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Yoga Roots PDF Print E-mail
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Written by Massimo Barberi   
Monday, 09 October 2017

What is the origin of yoga? What are the roots of this practice? Is the yoga that we practice today the same yoga that the ancient Indians used to practice?

​What is the origin of yoga? What are the roots of this practice?

This can be a very tricky question. Nowadays yoga is extremely popular, so it often happens that people try to put their own cap on it, so to speak. They may declare that yoga belongs to their social group, to their land, to their religion, and so on. For example, in recent years some American yoga teachers have written articles on popular internet blogs in which they stated that some of the most widely practiced forms of yoga, like Vinyasa and Hot Yoga actually belong to the American culture. The articles claim these yoga schools have their roots in the West’s fitness culture and, to some degree, in the New Age movement, rather than in Indian culture.

Historically though, there is no doubt that yoga, in its traditional forms, had its origin in India.
Archaeologists have found some steatite seals in very ancient sites like Mohenjo Daro (an area of modern Pakistan that might have been one of the most developed areas of the ancient Indian civilization) which portray a man apparently sitting in a yoga position. If these seals do represent a yogi, this means that yoga might have existed in India since that time, 6,000 years ago. There are ancient texts like the Upanishads (3,000 years old) that talk about yoga in a philosophical and poetic way. The highly regarded Yoga Sutras of Patanjali were composed about the time of Buddha (approximately 2,500 years ago) and give instructions about how to reach Samadhi; the state of mental clarity that allows the practitioner to suspend the stream of thoughts and to merge in the pure Self. Relatively more recent texts like the Hatha Yoga Pradiipika (15th century) give instructions about physical yoga exercises.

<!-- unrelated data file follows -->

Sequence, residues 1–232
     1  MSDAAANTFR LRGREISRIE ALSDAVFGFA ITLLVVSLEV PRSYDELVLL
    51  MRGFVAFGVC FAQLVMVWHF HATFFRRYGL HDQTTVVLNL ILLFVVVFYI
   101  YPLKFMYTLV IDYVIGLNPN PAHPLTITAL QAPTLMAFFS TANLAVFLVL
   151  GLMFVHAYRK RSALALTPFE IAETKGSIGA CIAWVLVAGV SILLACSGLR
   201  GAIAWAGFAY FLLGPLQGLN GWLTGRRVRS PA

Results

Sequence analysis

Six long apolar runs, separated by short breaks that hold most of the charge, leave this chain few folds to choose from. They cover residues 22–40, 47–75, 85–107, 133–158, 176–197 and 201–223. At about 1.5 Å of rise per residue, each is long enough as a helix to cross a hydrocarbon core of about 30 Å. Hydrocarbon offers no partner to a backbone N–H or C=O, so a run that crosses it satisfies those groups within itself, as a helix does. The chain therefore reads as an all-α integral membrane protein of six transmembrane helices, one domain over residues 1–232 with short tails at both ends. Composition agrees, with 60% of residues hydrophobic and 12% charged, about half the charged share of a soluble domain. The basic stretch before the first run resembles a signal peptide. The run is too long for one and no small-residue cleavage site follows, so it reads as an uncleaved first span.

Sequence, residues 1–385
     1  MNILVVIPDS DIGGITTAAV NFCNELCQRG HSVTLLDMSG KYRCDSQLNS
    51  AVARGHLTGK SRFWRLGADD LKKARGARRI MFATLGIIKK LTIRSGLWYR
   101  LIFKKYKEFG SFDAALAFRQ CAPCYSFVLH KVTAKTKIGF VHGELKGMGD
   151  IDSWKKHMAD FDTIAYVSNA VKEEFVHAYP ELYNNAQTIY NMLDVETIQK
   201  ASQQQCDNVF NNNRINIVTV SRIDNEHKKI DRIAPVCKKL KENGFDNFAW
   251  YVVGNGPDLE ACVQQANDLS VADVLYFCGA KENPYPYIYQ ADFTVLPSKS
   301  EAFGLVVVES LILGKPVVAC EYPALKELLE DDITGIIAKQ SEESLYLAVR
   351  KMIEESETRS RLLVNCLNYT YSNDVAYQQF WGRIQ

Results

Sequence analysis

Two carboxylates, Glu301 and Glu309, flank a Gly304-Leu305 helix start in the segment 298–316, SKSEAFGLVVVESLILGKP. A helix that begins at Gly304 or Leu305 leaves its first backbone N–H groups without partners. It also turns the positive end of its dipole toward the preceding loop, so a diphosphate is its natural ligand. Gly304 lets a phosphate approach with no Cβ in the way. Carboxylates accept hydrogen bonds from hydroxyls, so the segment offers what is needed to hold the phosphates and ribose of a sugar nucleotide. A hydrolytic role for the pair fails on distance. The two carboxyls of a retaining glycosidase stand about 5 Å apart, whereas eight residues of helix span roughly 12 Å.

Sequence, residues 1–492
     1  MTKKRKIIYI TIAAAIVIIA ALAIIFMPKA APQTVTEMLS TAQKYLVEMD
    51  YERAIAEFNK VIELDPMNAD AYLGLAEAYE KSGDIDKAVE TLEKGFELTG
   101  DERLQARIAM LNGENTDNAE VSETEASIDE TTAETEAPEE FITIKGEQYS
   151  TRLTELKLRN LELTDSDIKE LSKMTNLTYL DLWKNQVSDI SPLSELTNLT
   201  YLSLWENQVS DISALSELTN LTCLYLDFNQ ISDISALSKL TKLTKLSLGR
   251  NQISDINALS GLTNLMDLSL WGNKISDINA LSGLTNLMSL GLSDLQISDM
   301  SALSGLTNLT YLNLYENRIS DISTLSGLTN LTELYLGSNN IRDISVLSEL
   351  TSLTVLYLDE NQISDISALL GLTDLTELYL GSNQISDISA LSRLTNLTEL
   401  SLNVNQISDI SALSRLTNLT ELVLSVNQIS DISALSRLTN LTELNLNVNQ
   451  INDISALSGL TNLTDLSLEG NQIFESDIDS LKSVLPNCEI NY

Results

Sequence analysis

We have also some texts written by the Greek geographer Strabo (64 BC- 24 AD) which tell us about the ascetic Indian philosophers that Alexander the Great and his men met during the Macedonian expedition in India (326 BC). Theese Indian philosophers are described as wise men, kept in very high account by everyone in India, including the kings, which often used them as counselors. They are called Gymnetae by Strabo, because, as he says: “they are naked and they live chiefly in the open air, practicing fortitude.” He tells us also that Onesicritus (a Greek historian which accompanied Alexander) met 15 of these ancient  yogis “which were standing in different postures, sitting or lying down naked, who continued in these positions [all day long] until the evening”.
Strabo tells us also that they were preaching a philosophy similar to the one of the Greek philosopher Pythagoras.

So, yes, there is no doubt that the yoga tradition is very ancient.

But is the yoga that we practice today the same yoga that these ancient people used to practice?

In the yoga exercises that we practice today there are certainly many corresponding aspects with the ancient practices. After exploring the world of yoga during the last twenty years I can say there also seem to be some significant differences. Some of these differences are just a natural and healthy evolution of some techniques, something that simply comes with the natural development of society.

For example, in the “Hatha Yoga Pradipika” it is said that a yogi “should practice Hatha Yoga in a small room, situated in a solitary place, being four cubits square, and free from stones, fire, water, disturbances of all kinds, and in a country where justice is properly administered, where good people live, and food can be obtained easily and plentifully. The room should have a small door, be free from holes, hollows, neither too high nor too low, well plastered with cow-dung and free from dirt, filth and insects. On its outside there should be bowers, raised platform, a well, and a compound.”